In the midst of struggles and crises all across our nation, our friends and colleagues share what they think we should be reading to understand this moment and to fortify ourselves against the influence of ideologues and the movements that would undermine a strong civil society. The seventh in a series.
Read the previous installments of our “Readings for Troubled Times” series here. This continues our effort to understand the times in which we live by recommending readings that are relevant to the strange moment in which we find ourselves.
What you should read: Aleksandr Solzhenitsyn, 1978 Harvard Commencement Address
Why you should read it: Solzhenitsyn spoke at Harvard when European Communism and Soviet tyranny, of which he was the most powerful and compelling critic, were still strong, or at least appeared to be so, and bent on expansion. Everyone expected the great novelist and human rights activist to condemn these evils, and indeed he did. But the focus of the speech was on the decadence, self-indulgence, and cravenness of the West—especially western elites, such as those sitting in the audience of his talk. His prophetic truth-speaking stunned not only the people at Harvard, but liberals (or, as we would today say, progressives) throughout the country and the western world. They were, for obvious reasons, not entirely pleased! The speech, as it turned out, was a sort of prelude to his 1983 Templeton Prize address in which he argued that the moral decline of the west, and the various social pathologies manifesting it, was attributable to a simple fact: Men have forgotten God.
Robert P. George
McCormick Professor of Jurisprudence and Director of the James Madison Program in American Ideals and Institutions at Princeton University.
What you should read: Matyrona’s Home, by Aleksandr Solzhenitsyn.
Why: Solzhenitsyn’s beloved autobiographical novella Matryona’s Home (or perhaps more appropriately Matryona’s Homestead - Матрёнин двор) examines the harsh realities of revolutions, exile, and the enduring beauty of virtue. Written in 1959, the story parallels Solzhenitsyn’s own release from the Gulag and return from a commuted sentence of perpetual exile to a hovel in the small town of Miltsevo. Here, the story follows the young Ignatich, who takes up lodging in the dilapidated home of Matryona Vasilievna. Matryona is an elderly, twice-widowed mother who has lost everything, including her six children. She is the symbol of the suffering endured by her compatriots through the brutal regimes of Communist Russia. Despite her personal losses and constant abuse by her fellow villagers she remains steadfast, moral, faithful, and unflinchingly human. The violent revolutions, failed policies of a secular utopia, and the reality of sin have not infected her. She appeals to the very best in human nature. For anyone who uses uncertain times as an excuse to lie down, complain, or justify their vice, Solzhenitsyn provides an antidote. “We had all lived side by side with her and never understood that she was that righteous one without whom, as the proverb says, no village can stand. Nor any city. Nor our whole land.”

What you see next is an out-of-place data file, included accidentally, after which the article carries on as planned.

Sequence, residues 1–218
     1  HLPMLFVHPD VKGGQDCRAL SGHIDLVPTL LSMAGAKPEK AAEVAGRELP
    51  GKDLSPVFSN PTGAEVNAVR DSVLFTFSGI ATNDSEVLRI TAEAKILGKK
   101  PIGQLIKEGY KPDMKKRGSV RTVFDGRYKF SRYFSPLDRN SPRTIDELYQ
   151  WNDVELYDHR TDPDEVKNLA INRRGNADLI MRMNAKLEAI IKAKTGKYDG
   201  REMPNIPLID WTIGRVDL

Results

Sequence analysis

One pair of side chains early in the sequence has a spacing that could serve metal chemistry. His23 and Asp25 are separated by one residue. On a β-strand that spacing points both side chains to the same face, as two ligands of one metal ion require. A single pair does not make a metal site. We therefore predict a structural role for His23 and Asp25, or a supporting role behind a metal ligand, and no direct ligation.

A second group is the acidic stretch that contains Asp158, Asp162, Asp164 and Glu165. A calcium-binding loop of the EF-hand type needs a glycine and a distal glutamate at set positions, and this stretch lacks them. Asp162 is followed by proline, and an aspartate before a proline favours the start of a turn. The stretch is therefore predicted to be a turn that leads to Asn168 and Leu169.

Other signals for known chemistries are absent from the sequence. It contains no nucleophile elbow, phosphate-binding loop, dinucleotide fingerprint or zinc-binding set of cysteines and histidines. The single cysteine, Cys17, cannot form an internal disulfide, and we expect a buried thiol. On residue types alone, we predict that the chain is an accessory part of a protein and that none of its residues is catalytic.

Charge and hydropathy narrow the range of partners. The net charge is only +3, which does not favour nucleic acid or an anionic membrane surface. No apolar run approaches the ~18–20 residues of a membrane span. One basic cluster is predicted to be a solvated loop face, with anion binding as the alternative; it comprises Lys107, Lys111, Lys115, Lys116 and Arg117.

Fellow, San Juan Diego Institute
What: Memoirs of a Superfluous Man, Albert Jay Nock.
Why: This may seem a counter-intuitive choice. Albert Jay Nock, a former editor of The Freeman and an intellectual compatriot of H.L. Mencken, was a committed misanthrope and his writing is about as unwoke as anything to be found still in print. But Nock keeps me honest. One of his core ideas is that any institution, law, or reform that does not take into account how human beings actually think and behave is doomed to failure. The most obvious example in Nock's lifetime was Prohibition, but the impulse to legislate people to a level of behavior foreign to human nature is clearly alive and well in 2020. Where I differ with Nock is in his fatalism. The conclusion Nock comes to in this final work—a sort of intellectual autobiography in which the author reveals almost nothing about his actual life—is that people invariably do more harm than good and the best we can hope for is to limit the damage. Thus Nock—prudently, I think—resists encroachments by the State. The problem is that he looks askance at virtually all efforts to improve education, literacy, women's rights, and democracy itself. Taking his philosophy to its logical extreme, he dismisses the institution of marriage as being woefully untethered to reality. What Nock misses in all this is the fact that taking a stand, even in service to a losing battle, can have a transformative effect on the individual soul. Most efforts to better the world will end in failure, but that is no reason not to try. Still, people would be well served to begin any such attempt from a place of healthy skepticism and a clear-eyed view of reality. If we don’t, we will be in danger of not only losing but of doing more harm than good.
Robert Dean Lurie
Author of Begin the Begin: R.E.M.’s Early Years